Teach children to notice those in the world around them who could use charity and kindness.

There are always people around you that could use your kindnesses, whether they be friends, neighbors, or complete strangers. Every time I notice someone who could use some help I take the opportunity to talk to my daughter about what these friends might be needing, and what could we do to help them. Through these lessons my daughter has learned to create care packages for friends in hospitals, cook for neighbors experiencing a crisis, and donating time to do things like shoveling snow from driveways and sidewalks for our more elderly neighbors. Through these acts of kindness, my children are learning that the world around them includes them and does not revolve around them. Teaching them to give of their time and money helps them to become a greater part of society which is an important aspect necessary to become a more charitable person.

Involve your children in extracurricular groups that involve them in charity.

I am a runner, and I like to run in various races around town. I find that it motivates me to keep running, but at the same time I know that every race that I enter, a portion of my running fees goes to whatever charity that race is representing. A couple of month’s ago my daughter and I signed up to run the Susan G. Komen Race for the Cure. Now lets suffice it to say that my daughter? She does not enjoy running. (That might be the understatement of the year.) So about a half a mile into the 5K, she started complaining. I initially started trying to motivate her with typical you can do this type of talk. But then I mentioned briefly the sign that she was wearing on her back, “In Celebration Of Aunt Bev and Aunt Brenda.”She started to ask questions about why we run these races, why that sign was on her back, and she started making connections that these races were bigger than just her and her run. Her whining about running stopped for a while, (Yes. Only a while. She really hates to run.) and later that day I heard her proudly talking to her father about running for the moms and daughters who no longer were able to run. The experience of the extracurricular activity had had an important impact.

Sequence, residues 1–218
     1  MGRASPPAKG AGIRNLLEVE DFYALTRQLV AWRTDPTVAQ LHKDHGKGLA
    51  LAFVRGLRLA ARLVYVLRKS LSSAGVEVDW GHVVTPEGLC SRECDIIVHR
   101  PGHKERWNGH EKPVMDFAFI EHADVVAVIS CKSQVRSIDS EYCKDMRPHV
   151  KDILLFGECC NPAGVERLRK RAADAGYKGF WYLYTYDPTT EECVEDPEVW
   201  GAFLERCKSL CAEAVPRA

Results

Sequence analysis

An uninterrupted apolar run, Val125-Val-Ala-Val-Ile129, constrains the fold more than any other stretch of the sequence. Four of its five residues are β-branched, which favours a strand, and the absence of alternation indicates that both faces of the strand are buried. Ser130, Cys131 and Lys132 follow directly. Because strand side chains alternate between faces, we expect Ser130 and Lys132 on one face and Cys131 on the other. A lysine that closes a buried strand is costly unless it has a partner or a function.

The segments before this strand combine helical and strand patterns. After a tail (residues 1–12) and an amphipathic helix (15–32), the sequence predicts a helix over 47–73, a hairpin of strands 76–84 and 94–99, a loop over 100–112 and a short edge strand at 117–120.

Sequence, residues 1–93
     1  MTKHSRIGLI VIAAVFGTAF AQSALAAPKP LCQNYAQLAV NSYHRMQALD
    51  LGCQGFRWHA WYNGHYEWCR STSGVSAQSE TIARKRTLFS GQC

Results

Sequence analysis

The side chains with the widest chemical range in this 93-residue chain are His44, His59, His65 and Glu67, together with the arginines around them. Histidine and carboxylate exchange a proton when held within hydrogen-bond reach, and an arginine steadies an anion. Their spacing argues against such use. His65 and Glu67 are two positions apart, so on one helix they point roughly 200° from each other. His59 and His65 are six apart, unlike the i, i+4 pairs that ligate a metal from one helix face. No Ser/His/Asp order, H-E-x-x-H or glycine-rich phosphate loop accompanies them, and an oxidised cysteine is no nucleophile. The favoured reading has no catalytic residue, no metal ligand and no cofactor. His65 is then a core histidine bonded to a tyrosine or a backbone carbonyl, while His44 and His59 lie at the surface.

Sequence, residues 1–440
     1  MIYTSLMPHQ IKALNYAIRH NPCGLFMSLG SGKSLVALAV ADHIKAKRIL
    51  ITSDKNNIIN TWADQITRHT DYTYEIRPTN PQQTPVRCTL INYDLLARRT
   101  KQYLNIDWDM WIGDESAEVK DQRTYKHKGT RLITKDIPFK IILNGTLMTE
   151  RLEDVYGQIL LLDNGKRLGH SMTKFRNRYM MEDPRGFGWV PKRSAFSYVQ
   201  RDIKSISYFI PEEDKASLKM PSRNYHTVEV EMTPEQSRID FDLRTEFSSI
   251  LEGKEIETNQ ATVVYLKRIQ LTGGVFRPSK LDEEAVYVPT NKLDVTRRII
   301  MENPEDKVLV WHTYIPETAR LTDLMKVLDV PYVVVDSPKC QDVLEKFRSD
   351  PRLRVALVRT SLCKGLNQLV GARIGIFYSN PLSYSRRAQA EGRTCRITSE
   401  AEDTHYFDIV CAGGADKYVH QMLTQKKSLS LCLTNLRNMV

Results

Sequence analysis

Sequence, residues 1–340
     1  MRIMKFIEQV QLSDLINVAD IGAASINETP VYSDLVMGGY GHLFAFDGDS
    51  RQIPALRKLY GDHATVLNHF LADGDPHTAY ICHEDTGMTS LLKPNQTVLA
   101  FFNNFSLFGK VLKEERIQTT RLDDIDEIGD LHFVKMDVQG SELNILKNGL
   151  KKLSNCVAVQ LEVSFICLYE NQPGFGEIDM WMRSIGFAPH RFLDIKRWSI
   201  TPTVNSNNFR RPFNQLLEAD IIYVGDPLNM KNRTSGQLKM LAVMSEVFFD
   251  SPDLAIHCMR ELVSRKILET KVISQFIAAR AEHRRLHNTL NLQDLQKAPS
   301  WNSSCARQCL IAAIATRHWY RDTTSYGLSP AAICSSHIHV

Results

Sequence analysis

Teaching your children to be charitable is an important financial lesson to teach your children. What are some other ways that you are teaching your children to be charitable?

Kelly Kinkaid

Image courtesy of [Clare Bloomfield] / FreeDigitalPhotos.net